Weird, Obscure, Strange, and Overlooked Bass Lines that Shred.

Photo by Brett Sayles from Pexels

Infectious Grooves-Violent and Funky. Not sure of what ever became of bass player Robert Trujillo but I hope he is still able to eek out a living with music.

XTC- Helicopter

“Hey man, can you make your bass sound like a helicopter?” “You got it, Andy.”

Roxy Music-Love is the Drug

Real drugs are also fantastic. I’m not sure what is up with the eye patch, either.

Porno for Pyros-Good God’s Urge

Mike Watt doesn’t play bass. He works it. My man is always clocked in.

Besides filling in on bass for the Stooges, he also played in fIREHOSE and the legendary Minutemen. The breakdown part at 3:10 gets stuck in my head for days at a time. The eagle-eyed will notice that this is the second song to feature drummer Stephen Perkins.

Pere Ubu -Small was Fast

Devo, Pere Ubu, Brianiac. . . Ohio sure produces a lot of strange music. One of the best live bands I’ve ever seen.

Meshell Ndegeocello-If That’s Your Boyfriend.

She used to play bass for some dude named David Bowie and can probably slap your damn face off with her thumb.

Spizz Athletico 80-Where’s Captain Kirk?

Everyone’s favorite Star Trek Tribute band from the 80’s. (If you don’t shed a tear listening to “Spock’s Missing”, then it is time to seek online therapy, you monster.)

Sonseed- Jesus is my Friend

Satan may inspire the best metal musicians, but it looks like Jesus might own ska.

Try to deny that breakdown at 1:22. I double-dog dare you.

Talking Heads- Sugar on my Tongue 

Tina Weymouth sure got a phat tone from a short scale bass. I love how her bass line is almost a duet with the vocals.

The Kinks- Sunny Afternoon

Maybe not the most obscure bass song, but when you run a Magazine called Next in Line. . .

A Sure Fire Hack that Makes Everyone Want to Jam With You.

Don’t Worry. This method has nothing to do with scale, modes, or time signatures. Technically, It doesn’t even really have to do with making music. But I guarantee, if you just follow these two simple steps, your jam card will always be full. Your bandmates will love you, and so will every sound engineer that you encounter live or in the studio. Heck, you may even snag some session work off of it. And you literally have to do nothing.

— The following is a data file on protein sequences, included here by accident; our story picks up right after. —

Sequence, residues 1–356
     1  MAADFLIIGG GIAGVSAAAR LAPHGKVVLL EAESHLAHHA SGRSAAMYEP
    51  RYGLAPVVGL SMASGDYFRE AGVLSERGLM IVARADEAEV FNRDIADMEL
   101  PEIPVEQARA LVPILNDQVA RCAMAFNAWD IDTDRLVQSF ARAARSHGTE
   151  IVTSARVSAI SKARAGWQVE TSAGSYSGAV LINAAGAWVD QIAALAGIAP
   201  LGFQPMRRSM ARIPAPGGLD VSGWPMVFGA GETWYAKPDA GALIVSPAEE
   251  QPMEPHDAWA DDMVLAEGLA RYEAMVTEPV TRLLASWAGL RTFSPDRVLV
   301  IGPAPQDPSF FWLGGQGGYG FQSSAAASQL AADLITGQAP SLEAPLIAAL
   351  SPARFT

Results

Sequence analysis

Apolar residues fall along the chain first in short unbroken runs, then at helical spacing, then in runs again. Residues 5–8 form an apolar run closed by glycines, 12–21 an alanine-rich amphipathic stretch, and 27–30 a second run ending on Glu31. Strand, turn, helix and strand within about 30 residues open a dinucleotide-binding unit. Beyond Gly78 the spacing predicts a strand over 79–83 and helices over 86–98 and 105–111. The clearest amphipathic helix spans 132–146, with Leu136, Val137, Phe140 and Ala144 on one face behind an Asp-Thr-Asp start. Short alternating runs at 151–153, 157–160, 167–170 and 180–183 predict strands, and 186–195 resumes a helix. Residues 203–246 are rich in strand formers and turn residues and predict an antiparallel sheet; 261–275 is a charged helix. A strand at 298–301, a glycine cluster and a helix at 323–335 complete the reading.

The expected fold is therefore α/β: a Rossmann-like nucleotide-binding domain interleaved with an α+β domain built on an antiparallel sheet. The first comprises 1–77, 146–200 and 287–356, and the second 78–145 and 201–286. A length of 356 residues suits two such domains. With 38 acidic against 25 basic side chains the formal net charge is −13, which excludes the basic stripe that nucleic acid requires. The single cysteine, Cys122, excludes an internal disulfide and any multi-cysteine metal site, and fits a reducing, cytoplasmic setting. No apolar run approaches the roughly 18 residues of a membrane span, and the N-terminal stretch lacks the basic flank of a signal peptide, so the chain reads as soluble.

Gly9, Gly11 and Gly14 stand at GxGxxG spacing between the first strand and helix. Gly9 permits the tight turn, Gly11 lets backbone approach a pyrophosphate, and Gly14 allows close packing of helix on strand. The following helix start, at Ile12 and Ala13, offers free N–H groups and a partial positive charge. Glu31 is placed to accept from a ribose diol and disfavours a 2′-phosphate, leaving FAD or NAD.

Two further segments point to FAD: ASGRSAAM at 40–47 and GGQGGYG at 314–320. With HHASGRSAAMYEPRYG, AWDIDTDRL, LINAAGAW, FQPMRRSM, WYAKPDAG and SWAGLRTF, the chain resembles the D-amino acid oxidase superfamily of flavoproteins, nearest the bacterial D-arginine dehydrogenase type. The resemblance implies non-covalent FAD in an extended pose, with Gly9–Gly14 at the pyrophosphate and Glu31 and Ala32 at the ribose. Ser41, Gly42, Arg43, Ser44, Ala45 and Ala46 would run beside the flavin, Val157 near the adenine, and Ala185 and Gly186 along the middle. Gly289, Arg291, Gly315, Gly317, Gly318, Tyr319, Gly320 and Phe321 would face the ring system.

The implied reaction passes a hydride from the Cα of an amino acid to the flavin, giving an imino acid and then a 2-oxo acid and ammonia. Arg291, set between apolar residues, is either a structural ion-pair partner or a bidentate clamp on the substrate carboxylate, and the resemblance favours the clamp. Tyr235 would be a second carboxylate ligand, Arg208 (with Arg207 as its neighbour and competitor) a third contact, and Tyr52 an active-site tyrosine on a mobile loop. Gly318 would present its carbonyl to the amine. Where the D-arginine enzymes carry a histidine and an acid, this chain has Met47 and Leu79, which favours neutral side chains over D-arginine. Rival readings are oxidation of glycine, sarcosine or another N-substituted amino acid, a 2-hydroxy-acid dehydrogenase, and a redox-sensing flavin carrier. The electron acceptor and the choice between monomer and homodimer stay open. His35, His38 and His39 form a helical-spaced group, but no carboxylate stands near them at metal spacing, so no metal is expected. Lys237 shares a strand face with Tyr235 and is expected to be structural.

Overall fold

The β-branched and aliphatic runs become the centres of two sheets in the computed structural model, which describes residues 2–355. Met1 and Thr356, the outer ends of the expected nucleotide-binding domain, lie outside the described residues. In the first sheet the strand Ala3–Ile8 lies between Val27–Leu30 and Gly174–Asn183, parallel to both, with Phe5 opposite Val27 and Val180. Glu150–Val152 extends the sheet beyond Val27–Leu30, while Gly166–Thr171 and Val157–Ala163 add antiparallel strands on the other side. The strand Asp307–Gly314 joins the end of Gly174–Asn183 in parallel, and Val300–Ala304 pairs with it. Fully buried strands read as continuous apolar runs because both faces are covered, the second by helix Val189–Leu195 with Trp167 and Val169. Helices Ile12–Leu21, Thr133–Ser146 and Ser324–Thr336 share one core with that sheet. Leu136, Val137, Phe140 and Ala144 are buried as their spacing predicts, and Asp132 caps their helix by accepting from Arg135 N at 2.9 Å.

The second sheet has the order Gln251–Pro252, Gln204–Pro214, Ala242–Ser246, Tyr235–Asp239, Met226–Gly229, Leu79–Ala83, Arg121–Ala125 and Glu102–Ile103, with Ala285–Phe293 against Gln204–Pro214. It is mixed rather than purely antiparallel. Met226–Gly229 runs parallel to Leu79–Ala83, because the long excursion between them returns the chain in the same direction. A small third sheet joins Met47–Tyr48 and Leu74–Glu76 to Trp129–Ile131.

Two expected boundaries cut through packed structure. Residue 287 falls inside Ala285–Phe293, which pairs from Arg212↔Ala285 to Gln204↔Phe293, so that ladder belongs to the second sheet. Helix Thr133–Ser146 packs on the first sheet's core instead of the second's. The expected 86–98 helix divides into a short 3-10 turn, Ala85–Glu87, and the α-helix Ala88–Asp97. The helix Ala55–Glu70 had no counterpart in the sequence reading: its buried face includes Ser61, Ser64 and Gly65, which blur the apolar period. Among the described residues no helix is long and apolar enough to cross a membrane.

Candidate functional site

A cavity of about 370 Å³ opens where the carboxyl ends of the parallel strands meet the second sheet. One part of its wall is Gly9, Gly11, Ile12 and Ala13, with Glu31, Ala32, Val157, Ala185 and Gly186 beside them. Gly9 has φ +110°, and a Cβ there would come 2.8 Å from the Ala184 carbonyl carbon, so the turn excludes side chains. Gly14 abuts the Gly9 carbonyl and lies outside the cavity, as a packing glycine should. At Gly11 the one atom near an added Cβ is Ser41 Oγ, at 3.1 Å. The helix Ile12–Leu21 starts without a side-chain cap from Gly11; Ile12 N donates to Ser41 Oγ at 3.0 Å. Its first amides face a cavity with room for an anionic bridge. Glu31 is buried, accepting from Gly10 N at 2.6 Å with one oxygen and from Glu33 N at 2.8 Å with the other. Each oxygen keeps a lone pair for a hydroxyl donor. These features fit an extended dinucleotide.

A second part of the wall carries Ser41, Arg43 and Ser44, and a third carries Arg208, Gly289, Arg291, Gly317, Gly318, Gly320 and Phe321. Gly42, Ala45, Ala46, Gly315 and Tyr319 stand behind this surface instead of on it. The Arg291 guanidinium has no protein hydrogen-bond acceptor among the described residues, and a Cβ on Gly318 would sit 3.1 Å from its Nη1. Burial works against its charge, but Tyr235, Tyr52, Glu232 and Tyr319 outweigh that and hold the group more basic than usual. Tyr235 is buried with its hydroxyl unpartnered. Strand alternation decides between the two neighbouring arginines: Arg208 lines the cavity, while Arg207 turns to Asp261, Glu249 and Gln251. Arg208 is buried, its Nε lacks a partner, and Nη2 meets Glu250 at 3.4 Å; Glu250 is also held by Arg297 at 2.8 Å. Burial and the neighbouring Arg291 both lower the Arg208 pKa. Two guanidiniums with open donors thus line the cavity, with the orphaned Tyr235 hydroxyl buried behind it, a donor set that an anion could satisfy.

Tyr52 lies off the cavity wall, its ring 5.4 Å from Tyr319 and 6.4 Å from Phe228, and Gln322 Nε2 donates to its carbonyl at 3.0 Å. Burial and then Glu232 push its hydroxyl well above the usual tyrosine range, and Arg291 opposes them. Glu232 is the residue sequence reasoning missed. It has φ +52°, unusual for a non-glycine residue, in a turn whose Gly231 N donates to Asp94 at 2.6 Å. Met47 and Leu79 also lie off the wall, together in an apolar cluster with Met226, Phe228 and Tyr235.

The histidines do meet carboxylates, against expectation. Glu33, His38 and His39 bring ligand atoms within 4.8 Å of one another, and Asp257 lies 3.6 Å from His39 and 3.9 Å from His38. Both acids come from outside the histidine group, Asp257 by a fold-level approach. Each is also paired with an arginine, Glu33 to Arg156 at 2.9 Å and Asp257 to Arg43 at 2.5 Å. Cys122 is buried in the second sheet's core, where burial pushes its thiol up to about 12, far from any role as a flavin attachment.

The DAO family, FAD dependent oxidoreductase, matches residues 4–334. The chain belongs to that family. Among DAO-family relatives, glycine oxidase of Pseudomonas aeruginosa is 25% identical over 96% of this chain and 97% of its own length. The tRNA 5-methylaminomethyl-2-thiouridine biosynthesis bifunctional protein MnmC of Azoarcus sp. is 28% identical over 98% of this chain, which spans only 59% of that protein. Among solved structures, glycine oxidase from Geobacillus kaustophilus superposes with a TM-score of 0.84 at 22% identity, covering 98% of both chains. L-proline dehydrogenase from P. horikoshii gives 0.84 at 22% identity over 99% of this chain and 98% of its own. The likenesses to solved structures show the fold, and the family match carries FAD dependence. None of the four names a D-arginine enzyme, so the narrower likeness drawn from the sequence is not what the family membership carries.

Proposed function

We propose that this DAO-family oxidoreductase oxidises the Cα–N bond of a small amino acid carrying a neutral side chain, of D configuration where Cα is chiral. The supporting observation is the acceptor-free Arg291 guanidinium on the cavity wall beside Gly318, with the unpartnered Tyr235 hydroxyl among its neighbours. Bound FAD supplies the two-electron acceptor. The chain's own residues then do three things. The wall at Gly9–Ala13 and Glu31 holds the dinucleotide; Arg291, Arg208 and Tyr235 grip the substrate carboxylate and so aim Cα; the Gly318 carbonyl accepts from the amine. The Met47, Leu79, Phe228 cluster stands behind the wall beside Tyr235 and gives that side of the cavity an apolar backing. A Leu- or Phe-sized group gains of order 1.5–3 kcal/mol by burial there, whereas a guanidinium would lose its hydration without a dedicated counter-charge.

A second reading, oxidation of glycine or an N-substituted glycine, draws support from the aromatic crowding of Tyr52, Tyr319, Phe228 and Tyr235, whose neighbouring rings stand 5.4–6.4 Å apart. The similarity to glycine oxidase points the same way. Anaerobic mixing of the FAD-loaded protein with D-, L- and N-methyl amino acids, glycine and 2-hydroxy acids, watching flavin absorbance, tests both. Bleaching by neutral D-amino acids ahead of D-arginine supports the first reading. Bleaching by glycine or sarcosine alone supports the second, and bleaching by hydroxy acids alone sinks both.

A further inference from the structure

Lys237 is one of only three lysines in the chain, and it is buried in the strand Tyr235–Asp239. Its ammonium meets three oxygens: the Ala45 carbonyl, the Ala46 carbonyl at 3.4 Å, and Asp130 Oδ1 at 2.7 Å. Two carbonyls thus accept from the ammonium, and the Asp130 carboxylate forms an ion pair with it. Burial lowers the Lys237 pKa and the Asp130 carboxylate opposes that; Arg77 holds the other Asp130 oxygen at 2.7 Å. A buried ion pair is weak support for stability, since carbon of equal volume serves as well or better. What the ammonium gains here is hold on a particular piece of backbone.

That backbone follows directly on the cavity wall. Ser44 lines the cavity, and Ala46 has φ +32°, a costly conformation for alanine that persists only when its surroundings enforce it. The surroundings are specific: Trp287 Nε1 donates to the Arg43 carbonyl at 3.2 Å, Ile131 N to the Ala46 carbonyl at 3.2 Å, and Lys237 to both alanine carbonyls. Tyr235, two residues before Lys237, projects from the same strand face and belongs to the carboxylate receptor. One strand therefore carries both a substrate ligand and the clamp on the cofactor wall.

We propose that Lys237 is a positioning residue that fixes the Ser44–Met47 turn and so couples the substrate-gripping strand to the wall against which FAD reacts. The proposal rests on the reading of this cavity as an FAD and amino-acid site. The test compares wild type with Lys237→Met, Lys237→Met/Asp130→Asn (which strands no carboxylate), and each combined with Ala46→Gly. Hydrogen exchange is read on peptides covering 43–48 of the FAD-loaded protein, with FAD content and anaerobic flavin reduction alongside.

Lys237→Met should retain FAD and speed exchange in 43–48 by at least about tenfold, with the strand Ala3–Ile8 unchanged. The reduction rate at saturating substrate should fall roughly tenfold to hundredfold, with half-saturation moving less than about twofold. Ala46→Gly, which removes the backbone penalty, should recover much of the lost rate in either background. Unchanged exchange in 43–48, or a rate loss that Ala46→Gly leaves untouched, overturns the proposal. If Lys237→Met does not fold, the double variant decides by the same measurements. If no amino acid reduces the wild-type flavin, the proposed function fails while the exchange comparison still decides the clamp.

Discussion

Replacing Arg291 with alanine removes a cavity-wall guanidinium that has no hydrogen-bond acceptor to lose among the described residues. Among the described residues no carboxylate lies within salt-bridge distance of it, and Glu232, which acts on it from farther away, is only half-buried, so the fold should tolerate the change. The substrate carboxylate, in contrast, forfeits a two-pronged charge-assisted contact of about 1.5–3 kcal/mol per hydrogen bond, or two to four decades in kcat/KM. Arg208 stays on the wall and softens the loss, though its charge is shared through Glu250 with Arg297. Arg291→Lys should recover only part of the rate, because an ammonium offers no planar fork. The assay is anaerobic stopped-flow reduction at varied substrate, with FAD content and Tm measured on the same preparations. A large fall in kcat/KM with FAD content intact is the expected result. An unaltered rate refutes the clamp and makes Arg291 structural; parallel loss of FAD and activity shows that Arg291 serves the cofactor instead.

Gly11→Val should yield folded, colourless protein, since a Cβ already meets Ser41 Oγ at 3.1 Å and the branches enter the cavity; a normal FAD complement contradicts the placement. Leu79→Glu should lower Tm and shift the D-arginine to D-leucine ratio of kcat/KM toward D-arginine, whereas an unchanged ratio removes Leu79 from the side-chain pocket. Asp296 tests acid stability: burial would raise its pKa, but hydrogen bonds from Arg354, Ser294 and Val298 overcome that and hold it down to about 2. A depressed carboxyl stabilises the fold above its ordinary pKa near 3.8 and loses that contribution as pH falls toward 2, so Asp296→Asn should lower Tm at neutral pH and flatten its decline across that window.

Step One: Stop making noise and STFU when other people are trying to talk or trouble shoot gear around you.

Step Two: Repeat as necessary.

Who hasn’t been in this situation? The guitar player is showing the bass player the chords, while Keith Moon in the corner is thrashing away at full volume, trying to decide between a paradiddle, a double paradiddle, or a flamadiddle to lead into the next chorus. 

But, of course— and this isn’t said out loud very often— it’s not always the drummer’s fault. If only there was a way for the guitarist to doodle between songs without getting on everyone’s last nerve. Sigh.

But Wait! There is! We have the technology in the form of a new fangled device called the “volume knob.” (see picture below.) 

First try playing a power chord with the volume knob turned up all the way. Then ask your lead  singer how much back rent they owe their landlord. It’s not easy to discern the amount, is it*? 

 Now, turn the volume knob completely off. Notice how you are the only one who can hear the guitar now, and people around you can enjoy a conversation without shouting? Volume knob technology has also made its way to keyboards, Omnichords, Stylaphones, and even bass guitars! 

But what about Acoustic instruments, you say? They don’t have volume knobs. Drummers can play air drums or on your knees. Guitar players can just strum quietly. Didgeridoo players, use a didgeridoo mute. Everyone around you will be so much nicer to you.

Think you got it down? Take the quiz:

  1. You are waiting for an engineer to finish setting up your drums mic. His ear is located right next to an 24” Paiste Rude ride cymbal and he isn’t wearing hearing protection.

Should you: 

A. Do your best Meg White impression and wail on the edge of the cymbal.